Ezra 4:24 to Ezra 5:17. The narrative which was broken off at the end of Ezra 4:5 is now resumed. There is silence regarding the period 536-520 B.C.; in 516, however, it is said that the building had been proceeding during the whole of this time. Owing to the action of Haggai and Zechariah, the Jews are once more roused to undertake the work, which had been interrupted sixteen years before, of rebuilding the Temple (so according to our present text). This time there is no objection; on the contrary, application is made to Darius by the governor, who is supported herein by some of the Samaritans (the Apharsachites), to permit the Jews to go on with their work (which is continued, however, pending the arrival of the king's reply) on the ground that a former king (i.e. Cyrus) had given permission for the work to be undertaken. The reply is favourable. The very different attitude from that spoken of in Ezra 4:1-5, adopted by the Samaritans (the Apharsachites are mentioned in both passages, possibly this word means eparchs, i.e. "rulers," but this would not affect the point) shows that the relationship between them and the Jews had undergone a change for the better. Presumably during the sixteen years of which nothing is recorded, a more friendly feeling had by degrees sprung up, and this resulted in the intermarriages so bitterly resented by Ezra and Nehemiah later on. We must suppose that it was owing to this change of feeling that, so far from antagonism, the governor, supported by the Samaritans themselves, now seeks permission on behalf of the Jews to build, and even raises no objection to their continuing operations pending the arrival of the reply to his letter. The governor regarded it as his duty to get legal sanction from headquarters for this building, seeing that it had previously been specifically forbidden; otherwise we may well suppose he would have permitted it to go on without taking further official notice of it.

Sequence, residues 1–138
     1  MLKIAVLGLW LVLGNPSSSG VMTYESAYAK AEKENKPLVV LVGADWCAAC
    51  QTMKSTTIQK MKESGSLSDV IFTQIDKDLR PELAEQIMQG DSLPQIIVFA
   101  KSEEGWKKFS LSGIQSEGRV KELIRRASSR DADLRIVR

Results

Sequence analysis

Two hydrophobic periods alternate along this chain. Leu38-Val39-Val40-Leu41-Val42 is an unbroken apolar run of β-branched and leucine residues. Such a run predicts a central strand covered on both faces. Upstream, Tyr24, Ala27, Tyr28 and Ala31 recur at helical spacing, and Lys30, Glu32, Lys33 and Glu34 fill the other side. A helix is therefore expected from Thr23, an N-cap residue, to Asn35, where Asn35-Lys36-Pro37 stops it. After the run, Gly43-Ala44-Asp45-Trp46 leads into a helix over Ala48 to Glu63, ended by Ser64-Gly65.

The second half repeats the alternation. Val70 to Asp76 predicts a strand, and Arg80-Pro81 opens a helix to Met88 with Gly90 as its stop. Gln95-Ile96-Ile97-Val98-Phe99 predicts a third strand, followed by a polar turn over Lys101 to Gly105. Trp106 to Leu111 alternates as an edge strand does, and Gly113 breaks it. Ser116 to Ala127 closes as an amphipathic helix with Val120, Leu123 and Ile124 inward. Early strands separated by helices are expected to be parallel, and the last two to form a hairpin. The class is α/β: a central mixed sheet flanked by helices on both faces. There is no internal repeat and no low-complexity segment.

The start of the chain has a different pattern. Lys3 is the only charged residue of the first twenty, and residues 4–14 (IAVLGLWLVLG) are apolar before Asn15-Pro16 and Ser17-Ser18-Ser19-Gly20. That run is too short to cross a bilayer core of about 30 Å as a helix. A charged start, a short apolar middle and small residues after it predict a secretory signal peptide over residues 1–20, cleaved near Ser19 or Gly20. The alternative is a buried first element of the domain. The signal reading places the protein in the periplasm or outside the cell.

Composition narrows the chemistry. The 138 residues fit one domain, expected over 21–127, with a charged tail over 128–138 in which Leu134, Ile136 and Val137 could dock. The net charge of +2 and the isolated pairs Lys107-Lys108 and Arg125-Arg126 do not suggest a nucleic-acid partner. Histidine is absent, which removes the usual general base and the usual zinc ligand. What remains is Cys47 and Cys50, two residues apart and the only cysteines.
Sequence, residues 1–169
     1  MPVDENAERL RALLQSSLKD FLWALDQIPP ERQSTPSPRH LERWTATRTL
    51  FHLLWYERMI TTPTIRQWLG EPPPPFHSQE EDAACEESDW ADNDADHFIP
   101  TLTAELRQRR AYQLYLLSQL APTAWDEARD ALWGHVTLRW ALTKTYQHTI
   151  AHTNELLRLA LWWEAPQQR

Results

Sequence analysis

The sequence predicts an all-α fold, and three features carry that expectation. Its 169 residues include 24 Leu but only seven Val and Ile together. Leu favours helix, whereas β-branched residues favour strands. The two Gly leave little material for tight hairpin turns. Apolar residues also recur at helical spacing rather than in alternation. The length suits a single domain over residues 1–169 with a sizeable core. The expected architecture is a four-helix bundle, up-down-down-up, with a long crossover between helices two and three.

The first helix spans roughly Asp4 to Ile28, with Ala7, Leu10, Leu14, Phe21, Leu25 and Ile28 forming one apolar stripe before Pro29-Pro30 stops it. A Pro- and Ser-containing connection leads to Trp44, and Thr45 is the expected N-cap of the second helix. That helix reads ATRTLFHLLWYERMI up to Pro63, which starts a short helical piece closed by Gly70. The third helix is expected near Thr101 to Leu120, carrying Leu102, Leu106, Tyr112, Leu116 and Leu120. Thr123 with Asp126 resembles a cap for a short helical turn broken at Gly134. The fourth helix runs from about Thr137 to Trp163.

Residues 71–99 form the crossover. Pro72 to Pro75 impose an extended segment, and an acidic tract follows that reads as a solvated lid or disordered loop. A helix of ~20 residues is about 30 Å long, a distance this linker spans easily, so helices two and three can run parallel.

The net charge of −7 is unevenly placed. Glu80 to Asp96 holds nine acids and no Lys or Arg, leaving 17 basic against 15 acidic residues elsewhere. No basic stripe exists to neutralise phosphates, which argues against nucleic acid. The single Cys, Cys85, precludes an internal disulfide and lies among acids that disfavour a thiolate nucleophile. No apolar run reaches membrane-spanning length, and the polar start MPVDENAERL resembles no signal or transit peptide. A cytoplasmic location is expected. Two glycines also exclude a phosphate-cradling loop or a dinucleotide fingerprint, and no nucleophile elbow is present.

Ezra 4:24. the second year of Darius: 520 B.C.

Ezra 5:1. Now the prophets . . .: cf. Haggai 1:1, Zechariah 1:1.—in the name of . . . : read "in the name of the God of Israel which was upon them," cf. Deuteronomy 28:10.

Ezra 5:3. this work: i.e. of the Temple.

Ezra 5:4. Then spake we . . .: read "Then spake they unto them."

Ezra 5:11. a great king of Israel . . .: i.e. Solomon (see 1 Kings 6:1).

Ezra 5:15. put them in the temple that is in Jerusalem: these words are so directly contrary to what immediately follows that they can only be regarded as an unskilful gloss; they should be deleted.

Ezra 5:16. since that time . . .: clearly out of harmony with Ezra 4:24. What is said of Sheshbazzar here does not agree with Ezra 3:8; Ezra 3:10.

 


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Bibliography Information
Peake, Arthur. "Commentary on Ezra 4:4". "Arthur Peake's Commentary on the Bible ". http://odl.studylight.org/commentaries/pfc/ezra-4.html. 1919.